Brain Pickings

Virginia Woolf on Writing and Self-Doubt

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Consolation for those moments when you can’t tell whether you’re “the divinest genius or the greatest fool in the world.”

“Bad writers tend to have the self-confidence, while the good ones tend to have self-doubt,” Charles Bukowski lamented in an interview. Self-doubt is a familiar state for all who put pieces of their inner lives into the outside world — that is, for all artists. “Determination allows for doubt and for humility — both of which are critical,” Anna Deavere Smith counseled in her indispensable Letters to a Young Artist. And yet, integral as it may be to the creative experience by offering an antidote to the arrogance that produces most mediocre art, self-doubt isn’t something we readily or heartily embrace. Instead, we run from it, we judge it, and we hedge against it using a range of coping mechanisms, many of which backfire into self-loathing. “Don’t mask self-doubt with contempt,” Zadie Smith advised in her ten rules of writing.

But hardly anyone has captured this exasperating dance with self-doubt — which is part of the artist’s universal and necessary dance with fear — better than Virginia Woolf, she of enduring wisdom on creativity and consciousness and the challenge of writing about the soul.

In Orlando: A Biography (public library) — her subversive 1928 novel, regarded as “the longest and most charming love letter in literature” — Woolf captures the anguishing self-doubt with which all artists tussle along the creative process, rendering in spectacular relief the particular granularity familiar to writers:

Anyone moderately familiar with the rigours of composition will not need to be told the story in detail; how he wrote and it seemed good; read and it seemed vile; corrected and tore up; cut out; put in; was in ecstasy; in despair; had his good nights and bad mornings; snatched at ideas and lost them; saw his book plain before him and it vanished; acted people’s parts as he ate; mouthed them as he walked; now cried; now laughed; vacillated between this style and that; now preferred the heroic and pompous; next the plain and simple; now the vales of Tempe; then the fields of Kent or Cornwall; and could not decide whether he was the divinest genius or the greatest fool in the world.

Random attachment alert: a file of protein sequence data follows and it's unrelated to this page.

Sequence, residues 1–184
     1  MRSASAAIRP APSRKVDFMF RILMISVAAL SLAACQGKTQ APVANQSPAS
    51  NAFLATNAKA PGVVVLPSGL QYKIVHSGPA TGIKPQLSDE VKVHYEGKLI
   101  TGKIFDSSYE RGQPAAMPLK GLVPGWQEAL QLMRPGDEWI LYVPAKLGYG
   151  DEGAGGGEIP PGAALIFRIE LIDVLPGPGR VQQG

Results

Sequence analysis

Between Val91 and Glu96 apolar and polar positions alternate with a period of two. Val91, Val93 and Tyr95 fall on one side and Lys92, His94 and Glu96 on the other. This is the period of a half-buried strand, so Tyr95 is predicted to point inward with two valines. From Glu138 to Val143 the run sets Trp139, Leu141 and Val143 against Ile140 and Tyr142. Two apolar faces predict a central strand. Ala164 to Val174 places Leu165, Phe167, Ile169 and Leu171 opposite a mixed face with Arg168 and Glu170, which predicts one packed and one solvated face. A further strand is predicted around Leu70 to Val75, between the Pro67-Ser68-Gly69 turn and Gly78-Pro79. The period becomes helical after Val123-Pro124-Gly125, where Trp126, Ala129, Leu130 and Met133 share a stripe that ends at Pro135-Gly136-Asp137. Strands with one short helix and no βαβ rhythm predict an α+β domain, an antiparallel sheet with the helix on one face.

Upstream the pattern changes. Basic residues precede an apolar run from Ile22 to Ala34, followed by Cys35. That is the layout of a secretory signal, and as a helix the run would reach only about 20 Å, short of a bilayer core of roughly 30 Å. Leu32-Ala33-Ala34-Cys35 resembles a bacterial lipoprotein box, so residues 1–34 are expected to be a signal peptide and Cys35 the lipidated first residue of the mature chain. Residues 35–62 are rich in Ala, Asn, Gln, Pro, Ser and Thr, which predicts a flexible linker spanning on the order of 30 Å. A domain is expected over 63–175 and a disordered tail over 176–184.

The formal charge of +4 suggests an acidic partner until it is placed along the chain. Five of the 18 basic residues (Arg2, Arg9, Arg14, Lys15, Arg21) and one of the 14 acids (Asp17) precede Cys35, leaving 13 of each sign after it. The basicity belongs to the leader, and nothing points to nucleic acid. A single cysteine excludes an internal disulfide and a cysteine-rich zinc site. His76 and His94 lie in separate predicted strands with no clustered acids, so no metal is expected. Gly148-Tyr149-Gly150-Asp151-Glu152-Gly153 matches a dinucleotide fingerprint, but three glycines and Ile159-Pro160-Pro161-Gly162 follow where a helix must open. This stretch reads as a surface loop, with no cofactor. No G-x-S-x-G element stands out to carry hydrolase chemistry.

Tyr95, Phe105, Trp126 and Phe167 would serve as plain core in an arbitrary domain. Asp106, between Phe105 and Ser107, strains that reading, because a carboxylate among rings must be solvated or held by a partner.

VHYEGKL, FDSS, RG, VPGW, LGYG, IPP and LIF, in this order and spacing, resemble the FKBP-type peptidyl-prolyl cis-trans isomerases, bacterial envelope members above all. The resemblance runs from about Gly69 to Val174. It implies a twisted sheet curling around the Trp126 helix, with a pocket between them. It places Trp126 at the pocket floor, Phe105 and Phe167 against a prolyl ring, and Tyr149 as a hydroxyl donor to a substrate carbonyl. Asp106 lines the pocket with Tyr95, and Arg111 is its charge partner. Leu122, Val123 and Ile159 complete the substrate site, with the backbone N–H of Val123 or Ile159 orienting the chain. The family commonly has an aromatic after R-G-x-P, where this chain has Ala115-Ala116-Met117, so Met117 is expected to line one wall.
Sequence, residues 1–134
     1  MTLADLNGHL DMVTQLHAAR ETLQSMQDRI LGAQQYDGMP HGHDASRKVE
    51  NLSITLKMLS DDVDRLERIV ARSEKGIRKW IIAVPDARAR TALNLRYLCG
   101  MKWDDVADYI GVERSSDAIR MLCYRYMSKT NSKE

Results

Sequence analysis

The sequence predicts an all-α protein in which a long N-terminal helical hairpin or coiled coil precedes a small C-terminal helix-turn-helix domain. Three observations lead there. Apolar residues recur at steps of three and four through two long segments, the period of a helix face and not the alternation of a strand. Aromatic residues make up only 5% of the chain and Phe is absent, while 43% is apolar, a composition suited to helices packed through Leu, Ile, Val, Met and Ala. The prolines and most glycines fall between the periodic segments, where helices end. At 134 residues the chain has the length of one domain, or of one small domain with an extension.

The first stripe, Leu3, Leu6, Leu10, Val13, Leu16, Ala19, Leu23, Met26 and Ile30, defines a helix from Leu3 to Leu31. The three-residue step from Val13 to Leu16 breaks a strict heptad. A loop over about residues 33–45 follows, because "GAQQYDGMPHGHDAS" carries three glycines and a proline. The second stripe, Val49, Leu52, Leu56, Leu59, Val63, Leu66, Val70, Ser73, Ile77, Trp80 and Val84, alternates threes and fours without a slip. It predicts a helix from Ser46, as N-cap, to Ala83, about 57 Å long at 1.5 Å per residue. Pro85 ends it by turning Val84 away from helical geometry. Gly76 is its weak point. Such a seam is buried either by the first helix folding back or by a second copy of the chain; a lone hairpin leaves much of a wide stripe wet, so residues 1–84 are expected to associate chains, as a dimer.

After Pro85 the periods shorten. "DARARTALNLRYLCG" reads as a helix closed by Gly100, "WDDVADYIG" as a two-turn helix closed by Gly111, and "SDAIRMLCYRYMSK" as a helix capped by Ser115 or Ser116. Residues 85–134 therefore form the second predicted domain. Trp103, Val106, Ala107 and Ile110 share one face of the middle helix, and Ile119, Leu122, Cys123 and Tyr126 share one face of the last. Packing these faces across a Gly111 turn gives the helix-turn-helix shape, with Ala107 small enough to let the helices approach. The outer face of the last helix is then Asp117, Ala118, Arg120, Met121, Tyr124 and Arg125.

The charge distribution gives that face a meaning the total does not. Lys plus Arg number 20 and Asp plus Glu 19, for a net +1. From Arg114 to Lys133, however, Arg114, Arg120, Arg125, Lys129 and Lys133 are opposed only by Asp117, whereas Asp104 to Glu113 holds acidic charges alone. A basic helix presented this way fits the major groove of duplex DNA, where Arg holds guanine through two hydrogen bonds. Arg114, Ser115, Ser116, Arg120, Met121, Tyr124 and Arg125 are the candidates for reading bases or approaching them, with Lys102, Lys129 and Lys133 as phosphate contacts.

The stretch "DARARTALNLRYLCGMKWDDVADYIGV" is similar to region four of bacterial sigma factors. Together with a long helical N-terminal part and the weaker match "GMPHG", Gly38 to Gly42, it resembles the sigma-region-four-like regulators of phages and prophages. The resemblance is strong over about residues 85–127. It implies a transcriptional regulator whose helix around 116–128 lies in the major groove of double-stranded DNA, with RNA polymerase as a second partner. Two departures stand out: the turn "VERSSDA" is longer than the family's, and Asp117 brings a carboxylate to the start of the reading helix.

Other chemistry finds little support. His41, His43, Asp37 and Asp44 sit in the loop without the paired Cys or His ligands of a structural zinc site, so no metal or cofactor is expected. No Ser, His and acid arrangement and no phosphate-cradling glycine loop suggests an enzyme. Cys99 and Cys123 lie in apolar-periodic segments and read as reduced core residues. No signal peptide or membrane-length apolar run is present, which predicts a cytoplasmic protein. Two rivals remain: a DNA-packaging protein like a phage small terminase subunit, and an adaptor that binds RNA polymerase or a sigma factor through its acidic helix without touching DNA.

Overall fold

Complement with Woolf on how to read a book, the creative benefits of keeping a diary, and the only surviving recording of her voice, then revisit this evolving library of great writers’ wisdom on writing.

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What Comes After Religion: The Search for Meaning in Secular Life

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“We need reminders to be good, places to reawaken awe, something to reawaken our kinder, less selfish impulses…”

In their series of animated essays, The School of Life have contemplated what great books do for the soul, how to merge money and meaning, and what philosophy is for. Now comes a wonderful animation that builds on School of Life founder Alain de Botton’s book Religion for Atheists: A Non-believer’s Guide to the Uses of Religion (public library) to explore what comes after religion and how we can begin to address the deeper existential yearnings which led us to create religion in the first place — a meditation that calls to mind Sam Harris’s recent guide to spirituality without religion and the broader question of how we fill our lives with meaning.

Transcribed highlights below.

Fewer and fewer people believe nowadays. It’s possible that in a generation, there simply won’t be religion across Europe and large sections of North America, Australia, and Asia. That’s not necessarily a problem — but it’s worth thinking about why people made up religion in the first place.

[…]

We may no longer believe, but the needs and longings that made us make up these stories go on: We’re lonely, and violent; we long for beauty, wisdom, and purpose; we want to live for something more than just ourselves.

Society tells us to direct our hopes in two areas: romantic love and professional success. And it distracts us with news, movies, and consumption. It’s not enough, as we know — especially at three in the morning. We need reminders to be good, places to reawaken awe, something to reawaken our kinder, less selfish impulses — universal things, which need tending, like delicate flowers, and rituals that bring us together.